Photo of Rameswaram and Dhanushkodi #BestOfTravel by Bharath Srinivasan
Photo of Rameswaram and Dhanushkodi #BestOfTravel by Bharath Srinivasan

It was late afternoon when we had decided to walk back to the Dhanushkodi remains from the tip. What looked like a short walk seemed like one that was never going to end. We kept stopping every few minutes to take a look at the road — a straight stretch of tarmac surrounded by the cool blue of the Indian Ocean on one side, and the pale white of the Bay of Bengal on the other. After reaching the town, we spent a lot of time looking at the ruins. The feeling that the storm had actually swallowed a whole town, stretching many a mile, was starting to sink in. The remains of each standing building made us feel the gravity of the damage.

Photo of Dhanushkodi, Tamil Nadu, India by Bharath Srinivasan
Photo of Dhanushkodi, Tamil Nadu, India by Bharath Srinivasan
Photo of Dhanushkodi, Tamil Nadu, India by Bharath Srinivasan

The church still stood, tourists jumping up and down around it taking photos. The altar that had hosted many a Sunday mass was now just a structure inside a damaged building.

Around 80 families are still staying in Dhanushkodi, despite the fact that they don’t have power supply or even a brick-house. The government set up solar panels and DTH connections for them to use. But that’s about it. The men spend the nights alone, braving the cold, and struggling against the winds, just so they can go fishing before sunrise. The women and children of these families go back every evening to the villages closer to Rameswaram. We joined a group as they started their trip back in a local share-auto.

“So where are you guys from?”, asked the driver, as I was admiring the view through the windows. We told him about our trip and asked if he had a story to tell.

Photo of Rameswaram and Dhanushkodi #BestOfTravel by Bharath Srinivasan
Photo of Rameswaram and Dhanushkodi #BestOfTravel by Bharath Srinivasan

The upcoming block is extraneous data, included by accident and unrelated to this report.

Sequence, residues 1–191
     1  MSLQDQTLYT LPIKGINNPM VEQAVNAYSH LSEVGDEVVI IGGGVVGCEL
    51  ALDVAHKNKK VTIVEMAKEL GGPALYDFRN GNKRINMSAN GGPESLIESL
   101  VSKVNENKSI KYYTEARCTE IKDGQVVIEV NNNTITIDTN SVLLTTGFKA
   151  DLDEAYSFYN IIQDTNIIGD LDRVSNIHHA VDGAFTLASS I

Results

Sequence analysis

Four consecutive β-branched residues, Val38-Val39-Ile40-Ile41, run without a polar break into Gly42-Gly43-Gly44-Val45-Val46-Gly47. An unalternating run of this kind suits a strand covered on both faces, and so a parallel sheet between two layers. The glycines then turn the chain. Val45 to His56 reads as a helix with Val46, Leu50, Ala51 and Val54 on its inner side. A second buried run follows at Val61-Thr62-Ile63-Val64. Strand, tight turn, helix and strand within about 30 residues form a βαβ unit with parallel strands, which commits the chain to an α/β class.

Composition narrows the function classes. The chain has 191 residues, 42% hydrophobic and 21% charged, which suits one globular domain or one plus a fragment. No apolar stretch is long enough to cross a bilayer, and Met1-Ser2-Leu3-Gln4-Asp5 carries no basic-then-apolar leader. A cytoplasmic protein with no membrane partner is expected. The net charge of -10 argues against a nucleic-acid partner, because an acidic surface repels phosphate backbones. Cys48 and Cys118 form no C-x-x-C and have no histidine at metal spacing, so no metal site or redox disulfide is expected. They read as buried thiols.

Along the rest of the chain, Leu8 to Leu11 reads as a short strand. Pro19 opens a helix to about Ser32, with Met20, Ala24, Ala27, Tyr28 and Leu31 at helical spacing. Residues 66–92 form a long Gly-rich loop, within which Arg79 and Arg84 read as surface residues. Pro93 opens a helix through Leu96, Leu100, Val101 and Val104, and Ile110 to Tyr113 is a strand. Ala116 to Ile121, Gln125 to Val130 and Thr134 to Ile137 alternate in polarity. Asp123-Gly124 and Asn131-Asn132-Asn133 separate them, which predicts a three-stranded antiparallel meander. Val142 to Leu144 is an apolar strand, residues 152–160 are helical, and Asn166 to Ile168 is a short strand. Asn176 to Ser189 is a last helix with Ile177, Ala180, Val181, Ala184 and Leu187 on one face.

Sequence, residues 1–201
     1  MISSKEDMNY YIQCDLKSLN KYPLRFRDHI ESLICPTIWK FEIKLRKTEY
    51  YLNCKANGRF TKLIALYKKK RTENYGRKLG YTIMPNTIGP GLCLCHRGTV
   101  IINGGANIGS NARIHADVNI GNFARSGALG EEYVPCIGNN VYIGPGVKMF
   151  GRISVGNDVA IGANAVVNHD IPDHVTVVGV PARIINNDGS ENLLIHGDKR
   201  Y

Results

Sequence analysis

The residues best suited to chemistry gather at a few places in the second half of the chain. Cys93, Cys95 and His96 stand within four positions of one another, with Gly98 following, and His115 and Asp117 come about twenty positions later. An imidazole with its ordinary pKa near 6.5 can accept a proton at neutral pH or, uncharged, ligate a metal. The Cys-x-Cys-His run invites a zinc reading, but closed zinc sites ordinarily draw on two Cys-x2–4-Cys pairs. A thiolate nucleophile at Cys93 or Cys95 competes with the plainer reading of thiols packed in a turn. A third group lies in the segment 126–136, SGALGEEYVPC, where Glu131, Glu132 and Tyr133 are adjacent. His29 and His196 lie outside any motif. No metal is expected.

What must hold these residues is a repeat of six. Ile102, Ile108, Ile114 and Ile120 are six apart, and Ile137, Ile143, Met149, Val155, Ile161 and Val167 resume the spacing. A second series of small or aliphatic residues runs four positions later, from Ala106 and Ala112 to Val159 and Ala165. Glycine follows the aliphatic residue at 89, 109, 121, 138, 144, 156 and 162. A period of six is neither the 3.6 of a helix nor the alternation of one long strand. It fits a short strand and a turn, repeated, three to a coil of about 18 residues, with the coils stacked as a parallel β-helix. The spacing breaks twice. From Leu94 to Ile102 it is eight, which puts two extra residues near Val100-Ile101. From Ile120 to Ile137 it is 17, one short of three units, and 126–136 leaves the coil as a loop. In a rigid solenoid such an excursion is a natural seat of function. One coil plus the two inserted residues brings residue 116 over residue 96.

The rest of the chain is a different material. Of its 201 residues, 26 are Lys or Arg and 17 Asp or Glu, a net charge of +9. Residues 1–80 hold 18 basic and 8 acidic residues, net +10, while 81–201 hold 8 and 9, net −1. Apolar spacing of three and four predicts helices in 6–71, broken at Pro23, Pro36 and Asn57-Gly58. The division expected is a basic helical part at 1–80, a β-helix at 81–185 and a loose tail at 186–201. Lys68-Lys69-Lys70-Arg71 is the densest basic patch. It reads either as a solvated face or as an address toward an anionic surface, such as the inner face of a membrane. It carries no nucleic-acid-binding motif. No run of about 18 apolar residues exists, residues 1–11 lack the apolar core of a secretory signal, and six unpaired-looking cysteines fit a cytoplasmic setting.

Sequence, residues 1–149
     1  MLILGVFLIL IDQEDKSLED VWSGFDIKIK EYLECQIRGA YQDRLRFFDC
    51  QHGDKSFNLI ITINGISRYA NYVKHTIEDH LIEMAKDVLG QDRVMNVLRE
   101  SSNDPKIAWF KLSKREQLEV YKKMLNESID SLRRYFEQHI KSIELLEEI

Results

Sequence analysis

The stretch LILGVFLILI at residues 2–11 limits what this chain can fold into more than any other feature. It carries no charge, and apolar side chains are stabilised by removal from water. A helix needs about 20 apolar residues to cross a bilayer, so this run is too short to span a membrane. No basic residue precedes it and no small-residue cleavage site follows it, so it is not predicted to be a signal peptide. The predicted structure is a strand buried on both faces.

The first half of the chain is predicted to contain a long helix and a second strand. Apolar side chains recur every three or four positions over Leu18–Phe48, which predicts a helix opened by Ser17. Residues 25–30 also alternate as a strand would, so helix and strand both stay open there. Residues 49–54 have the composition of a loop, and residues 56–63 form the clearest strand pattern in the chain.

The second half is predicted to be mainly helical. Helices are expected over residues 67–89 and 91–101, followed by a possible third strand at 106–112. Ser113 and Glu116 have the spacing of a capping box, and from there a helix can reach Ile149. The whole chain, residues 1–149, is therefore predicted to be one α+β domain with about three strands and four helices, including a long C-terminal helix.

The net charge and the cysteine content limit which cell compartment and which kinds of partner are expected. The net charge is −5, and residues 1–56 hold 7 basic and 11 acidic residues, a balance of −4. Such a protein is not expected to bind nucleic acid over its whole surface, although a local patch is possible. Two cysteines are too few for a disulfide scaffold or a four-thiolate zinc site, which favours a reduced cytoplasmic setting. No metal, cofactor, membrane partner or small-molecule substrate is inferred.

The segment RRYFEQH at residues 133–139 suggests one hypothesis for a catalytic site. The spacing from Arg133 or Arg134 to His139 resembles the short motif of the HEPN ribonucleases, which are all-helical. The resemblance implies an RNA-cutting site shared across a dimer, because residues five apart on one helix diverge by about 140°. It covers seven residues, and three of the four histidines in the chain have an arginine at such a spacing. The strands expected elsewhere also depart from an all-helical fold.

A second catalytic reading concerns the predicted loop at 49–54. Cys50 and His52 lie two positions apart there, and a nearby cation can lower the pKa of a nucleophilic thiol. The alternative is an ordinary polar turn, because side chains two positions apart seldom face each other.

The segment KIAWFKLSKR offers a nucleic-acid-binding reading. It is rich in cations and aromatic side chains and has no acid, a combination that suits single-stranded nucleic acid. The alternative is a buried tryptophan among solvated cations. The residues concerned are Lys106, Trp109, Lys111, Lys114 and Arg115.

He was a once a fisherman at Dhanushkodi. But he was arrested by the Sri Lankan army on the grounds that he was involved in illegal trade between the countries. He was jailed in Sri Lanka for more than 3 years. We sensed the pain in his voice when he spoke about how the fellow prisoners discriminated the Tamils in jail. After he was granted bail, the prisoner transfer took place at the international border in the Ram Sethu. He became a local share-auto driver after he was back.

Photo of Rameswaram and Dhanushkodi #BestOfTravel by Bharath Srinivasan

We prompted him to talk about the illegal affairs at Dhanushkodi. He spoke about the immigrants, drug trafficking, and about the connections the police have with the people of the town in helping them curb these. He even told us they had recently caught someone trying to smuggle 33kgs of gold into India. I was able to connect the dots.

“Thanks for telling us all these stories. Can we know your name?”, I asked.

“My name is Kalanjiyam”, he said, just as he dropped us at the Rameswaram railway station.

Photo of Rameswaram and Dhanushkodi #BestOfTravel by Bharath Srinivasan
Photo of Rameswaram and Dhanushkodi #BestOfTravel by Bharath Srinivasan